But when I hold this book, I am feeling generations of rage for the violence of the “preservationist” Mark Raymond Harrington and what he defines as the great tragedy of Shinnecock Blackness.

In his book the great tragedy of Shinnecock Blackness looms larger than colonization itself. Larger than the signing of a shady land deed to the so called founders of what would become Southampton, larger than the fact that Southhampton put laws on the books forcing Shinnecock residents to kill their dogs, larger than the law that said that Shinnecock residents could be whipped for continuing the centuries-long practice of digging for groundnuts, larger than the fact that it was our Shinnecock ancestors who had to pay reparations after an uprising where they burned some new Southhampton buildings in breach of the deed, or that that Shinnecock ancestors had to plead for the right to continue their practice of including beached North Atlantic Right Whale relatives in ceremony, or even the fact that so many Shinnecock were left without other options and forced assimilate into the brutal colonial whaling industry.

The greatest tragedy for Harrington is not even the fact that in 1876 when a boat called the Circassian was led by the arrogance and miscalculation of its captain up against Shinnecock Bay rocks in the freezing cold, a critical mass of the men of Shinnecock community (not according to Harrington but according to Shinnecock elders) were forced at gunpoint to go on an impossible rescue mission in which all but one of them died.

And the terms of the “infusion of white blood” that Harrington writes about? That is also not the tragedy. Not all intermarriage is threat to the so called “Indian Race”, according to him. The word tragedy would certainly not apply to Harrington himself, who married an Iroquois woman a couple of months after his first wife died from some mysterious short illness. Would it?

No. For Harrington the greatest threat, the major tragedy of the Shinnecock of Long Island is that my ancestors have become… me. In his version of the story, it is not White Supremacy that causes genocide, disappearance, misrecognition, untraceability. It is Black love.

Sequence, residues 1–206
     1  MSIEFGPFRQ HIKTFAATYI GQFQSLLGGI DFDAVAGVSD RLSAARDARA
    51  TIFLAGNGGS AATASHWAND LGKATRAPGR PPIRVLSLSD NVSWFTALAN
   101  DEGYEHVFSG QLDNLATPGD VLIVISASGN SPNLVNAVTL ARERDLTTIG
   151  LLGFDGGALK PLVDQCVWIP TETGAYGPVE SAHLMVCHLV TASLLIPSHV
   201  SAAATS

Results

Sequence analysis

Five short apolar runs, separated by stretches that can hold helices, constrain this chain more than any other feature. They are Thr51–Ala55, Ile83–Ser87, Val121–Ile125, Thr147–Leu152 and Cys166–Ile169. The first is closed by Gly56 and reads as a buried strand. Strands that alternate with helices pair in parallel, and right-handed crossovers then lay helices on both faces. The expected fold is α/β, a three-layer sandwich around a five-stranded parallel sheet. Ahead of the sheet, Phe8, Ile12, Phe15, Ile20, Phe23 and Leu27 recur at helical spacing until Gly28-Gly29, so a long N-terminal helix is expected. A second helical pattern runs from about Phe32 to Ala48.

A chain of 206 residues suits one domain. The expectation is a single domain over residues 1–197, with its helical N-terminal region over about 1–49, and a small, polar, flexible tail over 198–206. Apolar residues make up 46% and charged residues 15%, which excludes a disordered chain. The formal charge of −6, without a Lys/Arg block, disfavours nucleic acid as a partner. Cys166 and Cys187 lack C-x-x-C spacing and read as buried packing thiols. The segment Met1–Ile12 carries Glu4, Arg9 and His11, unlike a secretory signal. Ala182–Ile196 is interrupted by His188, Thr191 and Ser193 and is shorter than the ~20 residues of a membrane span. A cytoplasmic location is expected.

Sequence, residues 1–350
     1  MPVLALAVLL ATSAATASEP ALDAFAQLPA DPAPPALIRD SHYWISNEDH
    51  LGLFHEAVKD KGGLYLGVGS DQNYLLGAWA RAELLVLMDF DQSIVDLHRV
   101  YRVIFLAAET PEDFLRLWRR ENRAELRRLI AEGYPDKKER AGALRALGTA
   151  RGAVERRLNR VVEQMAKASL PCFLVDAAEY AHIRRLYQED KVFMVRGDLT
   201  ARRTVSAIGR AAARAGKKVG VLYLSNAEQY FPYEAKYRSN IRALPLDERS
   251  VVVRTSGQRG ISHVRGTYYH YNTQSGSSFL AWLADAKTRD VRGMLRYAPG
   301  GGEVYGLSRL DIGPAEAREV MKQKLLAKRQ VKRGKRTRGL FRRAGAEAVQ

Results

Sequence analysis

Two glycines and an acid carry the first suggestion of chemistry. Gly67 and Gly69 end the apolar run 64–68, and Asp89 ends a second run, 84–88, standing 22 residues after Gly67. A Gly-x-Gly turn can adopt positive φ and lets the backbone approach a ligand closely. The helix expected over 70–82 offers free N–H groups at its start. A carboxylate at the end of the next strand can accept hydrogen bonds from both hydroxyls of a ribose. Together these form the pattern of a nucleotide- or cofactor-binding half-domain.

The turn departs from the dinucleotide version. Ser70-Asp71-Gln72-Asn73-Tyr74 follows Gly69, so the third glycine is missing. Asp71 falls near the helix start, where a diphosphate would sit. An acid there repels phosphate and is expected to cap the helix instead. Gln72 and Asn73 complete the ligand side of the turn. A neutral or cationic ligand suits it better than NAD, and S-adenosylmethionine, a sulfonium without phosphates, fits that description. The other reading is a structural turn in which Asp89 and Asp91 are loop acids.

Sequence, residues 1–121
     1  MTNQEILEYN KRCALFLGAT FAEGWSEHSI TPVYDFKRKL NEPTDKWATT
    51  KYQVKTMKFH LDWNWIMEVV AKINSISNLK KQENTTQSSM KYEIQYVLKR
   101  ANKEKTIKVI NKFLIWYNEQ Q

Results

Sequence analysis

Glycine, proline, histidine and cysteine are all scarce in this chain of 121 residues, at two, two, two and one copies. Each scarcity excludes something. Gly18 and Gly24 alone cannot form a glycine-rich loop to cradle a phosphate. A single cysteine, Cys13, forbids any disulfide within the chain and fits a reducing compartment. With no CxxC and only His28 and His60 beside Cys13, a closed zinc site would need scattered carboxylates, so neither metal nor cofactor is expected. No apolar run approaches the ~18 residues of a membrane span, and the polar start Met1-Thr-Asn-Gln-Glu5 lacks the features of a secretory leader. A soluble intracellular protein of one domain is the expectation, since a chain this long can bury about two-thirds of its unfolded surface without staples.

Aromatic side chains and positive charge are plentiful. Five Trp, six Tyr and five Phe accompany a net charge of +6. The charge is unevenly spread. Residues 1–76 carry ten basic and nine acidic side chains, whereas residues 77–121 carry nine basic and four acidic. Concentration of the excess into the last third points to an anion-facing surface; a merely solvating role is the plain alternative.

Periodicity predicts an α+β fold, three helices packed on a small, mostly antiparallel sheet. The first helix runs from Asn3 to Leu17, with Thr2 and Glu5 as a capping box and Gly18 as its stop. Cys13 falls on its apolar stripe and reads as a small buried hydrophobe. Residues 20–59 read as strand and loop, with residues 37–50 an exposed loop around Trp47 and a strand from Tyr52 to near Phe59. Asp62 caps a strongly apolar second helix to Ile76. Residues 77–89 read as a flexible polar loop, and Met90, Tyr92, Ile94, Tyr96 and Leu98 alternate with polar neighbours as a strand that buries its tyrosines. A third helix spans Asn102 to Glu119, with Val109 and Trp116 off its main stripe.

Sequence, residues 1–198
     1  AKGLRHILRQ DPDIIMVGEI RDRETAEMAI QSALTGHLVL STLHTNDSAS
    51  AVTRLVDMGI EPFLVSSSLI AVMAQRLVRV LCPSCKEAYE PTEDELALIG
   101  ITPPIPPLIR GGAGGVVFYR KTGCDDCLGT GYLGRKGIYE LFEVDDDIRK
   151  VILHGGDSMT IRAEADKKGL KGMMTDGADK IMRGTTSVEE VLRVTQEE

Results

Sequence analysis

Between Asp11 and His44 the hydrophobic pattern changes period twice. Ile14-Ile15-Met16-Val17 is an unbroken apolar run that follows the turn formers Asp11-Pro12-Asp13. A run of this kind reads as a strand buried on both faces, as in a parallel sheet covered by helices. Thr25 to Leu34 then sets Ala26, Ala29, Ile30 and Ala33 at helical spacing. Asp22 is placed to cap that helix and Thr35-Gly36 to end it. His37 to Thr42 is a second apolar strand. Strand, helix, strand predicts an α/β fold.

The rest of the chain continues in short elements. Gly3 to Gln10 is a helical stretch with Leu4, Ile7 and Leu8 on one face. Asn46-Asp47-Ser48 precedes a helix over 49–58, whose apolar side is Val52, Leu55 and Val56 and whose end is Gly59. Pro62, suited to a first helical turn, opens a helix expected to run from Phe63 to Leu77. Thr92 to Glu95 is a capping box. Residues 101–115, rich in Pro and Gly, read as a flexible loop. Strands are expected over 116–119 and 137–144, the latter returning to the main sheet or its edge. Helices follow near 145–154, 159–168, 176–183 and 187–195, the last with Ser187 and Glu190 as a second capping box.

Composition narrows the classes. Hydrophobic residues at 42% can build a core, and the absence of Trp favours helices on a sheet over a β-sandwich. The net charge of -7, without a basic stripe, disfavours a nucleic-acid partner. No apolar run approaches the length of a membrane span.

The great tragedy, great loss to the “future of the Indian race” according to this stealer of bones, is the Black Indigenous love story. The constituting love story of my life. And it is not only white anthropologists who have believed that Black love is the greatest danger and acted accordingly. There is an impossible love story that stops in my throat when I even try to say who I am.

And I want to tell that love story. I want to create whole operas and romance novels and epic poems that ask what if this love was exactly what our ancestors wanted, guided us into, pleaded for? What if the most loving adaptation to realities of enslavement and genocide was to come together as ancestrally reverent lovers and survive? What if it was multiple forms of African wisdom that allowed my ancestors to stay Shinnecock? What if it was lifetimes of Shinnecock wisdom that enabled my ancestors to stay Black? What if the whales themselves gave instruction for my ancestors to do what they had to do to create a Black feminist wild enough to listen for this?

I still don’t know how to tell that story. I am reckoning with the silence and shame and grief and loss around this story in my family. I am quietly listening to a broader Indigenous community that defines Indigeneity parallel to Blackness and fears my intersection. I am slowly building the relationships that allow me to participate in ancestral honoring as someone who did not grow up in the community of Shinnecock and whose connections come nowhere near blood quantum. I am parsing how relationships with living relatives and ancestral reverence can transform everything I do. I am still learning what that means in terms of accountability and possibility. If my grandmother had wanted to enroll she was too early and too late, there was no recognized nation. But I know that my responsibility to my ancestors and to Shinnecock community must go beyond anything a settler state could ever recognize. I must be guided by exactly the love the stealers of bones most fear.

Instead of an identity, I am here claiming my assignment. It is my task to live this love story of soul reversal undying hearse uncursing overturning love.

I’m still learning how to do that living.  

This is the rehearsal.


Dennis, J (2016) On This Site. Shinnecock, Long Island, Self-Published.
Harrington, MR (1924) An Ancient Village Site of the Shinnecock Indians. Washington DC: Smithsonian Institute.
Jensen, B (2015) Images of America: Shinnecock Nation, Charleston, SC: Arcadia Publishing.
Leonard, K (2021), “WAMPUM Adaptation framework: eastern coastal Tribal Nations and sea level rise impacts on water security” Climate and Development, 13:9, 842-85.
Maynard R, Simpson LB Simpson (2022) Rehearsals for Living. Chicago IL: Haymarket Books.
Strong, JA (1998) “We Are Still Here!” The Algonguian People of Long Island Today. Interlaken: Empire State Books.  

[1] Shout out to cousin Lance Gumbs, first Shinnecock leader of the inter-tribal council.

Alexis Pauline Gumbs is a queer Black feminist love evangelist of Shinnecock ancestry and author of several books, most recently Undrowned: Black Feminist Lessons from Marine Mammals. Alexis is the recipient of the 2023 Windham-Campbell Prize in Poetry.